Zelensky makes personal appeal to Speaker Mike Johnson while warning Ukraine will lose without US help

ZELENSKY: ‘WE NEED HELP NOW’: Desperate for ammunition for his battle-weary troops, Ukrainian President Volodymyr Zelensky reached out yesterday to the one man with the power to throw him a lifeline, House Speaker Mike Johnson (R-LA), who, bowing to the wishes of out-of-office former President Donald Trump, has blocked a vote on a $60 billion aid measure that enjoys wide bipartisan support.

“I briefed Speaker Johnson on the battlefield situation, specifically the dramatic increase in Russia’s air terror. Last week alone, 190 missiles, 140 ‘Shahed’ drones, and 700 guided aerial bombs were launched at Ukrainian cities and communities. Ukraine’s largest hydroelectric power plant has gone offline. In this situation, quick passage of US aid to Ukraine by Congress is vital,” Zelensky posted on X.

“We recognize that there are differing views in the House of Representatives on how to proceed, but the key is to keep the issue of aid to Ukraine as a unifying factor,” Zelensky said, being careful to preface his message with profuse thanks to Johnson, both Democrats and Republicans, the American people, and President Joe Biden for their critical support of Ukraine.

In an interview that aired yesterday, Zelensky told CBS senior foreign correspondent Charlie D’Agata that despite the ammunition rationing of the past few months, Ukraine has succeeded in blunting Russian advances for now.

“​​It is better than it used to be two or three months ago when we had a big deficit of artillery ammunition, different kinds of weapons,” he said. “We totally didn’t see the big, huge counteroffensive from Russia. … They didn’t have success.”

When D’Agata asked if Ukraine would lose without American support, Zelensky replied, “It’s true,” but he said worse than losing territory would be to lose the people who live on that territory who would lose their freedom under Russian rule. “People, honestly speaking,” are more important.


ISW: RUSSIA LIKELY TO EXPLOIT UKRAINIAN AMMUNITION SHORTAGE: “Ukraine is currently preventing Russian forces from making significant tactical gains along the entire frontline,” the Washington-based Institute for the Study of War said last night in its latest battlefield assessment. “But continued delays in US security assistance will likely expand the threat of Russian operational success, including in non-linear and possibly exponential ways.”

Russian forces will likely continue to maintain the tempo of their offensive operations through spring 2024 regardless of difficult weather and terrain conditions in order to exploit Ukrainian materiel shortages,” the ISW said, warning that “pervasive shortages” are increasing the risk of a Russian breakthrough in “less-well-provisioned” sections of front lines and making the entire front line “more fragile.”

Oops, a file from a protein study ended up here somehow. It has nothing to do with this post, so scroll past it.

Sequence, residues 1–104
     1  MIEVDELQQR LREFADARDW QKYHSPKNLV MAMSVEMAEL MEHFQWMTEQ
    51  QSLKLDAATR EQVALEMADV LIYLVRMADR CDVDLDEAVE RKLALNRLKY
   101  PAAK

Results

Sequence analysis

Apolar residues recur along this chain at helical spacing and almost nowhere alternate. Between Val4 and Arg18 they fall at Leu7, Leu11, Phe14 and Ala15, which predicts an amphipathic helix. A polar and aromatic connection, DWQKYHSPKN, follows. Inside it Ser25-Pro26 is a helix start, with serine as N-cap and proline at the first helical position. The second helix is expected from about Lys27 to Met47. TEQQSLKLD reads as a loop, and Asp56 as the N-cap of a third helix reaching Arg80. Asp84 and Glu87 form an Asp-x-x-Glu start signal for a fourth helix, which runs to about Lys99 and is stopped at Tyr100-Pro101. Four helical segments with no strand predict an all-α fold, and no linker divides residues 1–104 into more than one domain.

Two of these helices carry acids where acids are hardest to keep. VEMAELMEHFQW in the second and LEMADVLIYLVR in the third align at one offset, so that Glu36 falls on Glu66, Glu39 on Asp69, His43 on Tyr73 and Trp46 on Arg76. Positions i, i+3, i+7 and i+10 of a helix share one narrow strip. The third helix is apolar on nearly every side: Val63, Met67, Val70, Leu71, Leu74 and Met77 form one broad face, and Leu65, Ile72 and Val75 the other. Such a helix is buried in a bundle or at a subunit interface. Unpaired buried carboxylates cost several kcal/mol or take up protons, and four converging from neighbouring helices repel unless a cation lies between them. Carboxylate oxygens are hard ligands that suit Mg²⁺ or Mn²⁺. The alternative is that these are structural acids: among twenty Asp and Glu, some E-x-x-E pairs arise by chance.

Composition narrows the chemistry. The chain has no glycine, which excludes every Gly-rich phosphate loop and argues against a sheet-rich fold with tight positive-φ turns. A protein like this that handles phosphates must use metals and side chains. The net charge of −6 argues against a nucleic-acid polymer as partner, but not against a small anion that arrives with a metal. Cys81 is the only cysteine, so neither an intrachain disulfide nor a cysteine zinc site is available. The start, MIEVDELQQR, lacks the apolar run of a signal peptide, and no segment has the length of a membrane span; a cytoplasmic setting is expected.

Zelensky told CBS he suspects Russia is gearing up for another big push around the end of May or in June. “We not only need to prepare, we not only need to stabilize the situation, because the partners are sometimes really happy that we have stabilized the situation,” Zelensky said “I say we need help now.”

JOHNSON’S POLITICAL DILEMMA: For Johnson to come to Ukraine’s rescue, Democrats may have to come to his rescue. The House speaker has expressed support for Ukraine, even as he has blocked the vote that would start the aid flowing again.

“We’ll turn our attention to it, and we won’t delay on that,” Johnson said when the House left for a two-week spring break recess. But Johnson suggested he would prefer the House craft its own version of an aid bill rather than simply pass the $95 billion Senate supplemental, which has money for Ukraine, Israel, and Taiwan. He’s also raised the possibility of splitting the funding for Ukraine and Israel into separate votes in order to appease factions of members who support one but not the other. 

The problem is there are not enough Republican votes for any option and relying on Democrats puts his job in jeopardy.

Johnson also has a legislative sword of Damocles hanging over him in the form of a motion to vacate the chair that Rep. Majorie Taylor Greene (R-GA) is using to threaten his speakership. “He should not bring funding for Ukraine,” Greene told reporters after she filed the motion.

All of the options have drawbacks. Suspending the rules to allow a vote on the Senate measure would require a two-thirds majority, 290 of the current 431 members. Even passing a House bill with a simple majority of 216 would require Democratic support, along with Democratic votes to save his speakership.

In his CBS interview, Zelensky made the same argument many pro-Ukrainian Republicans in Congress are making, that most of the $60 billion in aid for Ukraine will go to U.S. defense contractors.

“Let’s be honest: The money which is allocated by the Congress by the administration, in the majority of cases, 80% of this money — well, at least more than 75% — stays in the U.S.,” Zelensky said. “This ammunition is coming to us, but the production is taking place there and the money stays in the U.S. and the taxes are staying in the U.S.”


Good Friday morning and welcome to Jamie McIntyre’s Daily on Defense, written and compiled by Washington Examiner National Security Senior Writer Jamie McIntyre (@jamiejmcintyre) and edited by Stacey Dec. Email here with tips, suggestions, calendar items, and anything else. Sign up or read current and back issues at DailyonDefense.com. If signing up doesn’t work, shoot us an email and we’ll add you to our list. And be sure to follow me on Threads and/or on X @jamiejmcintyre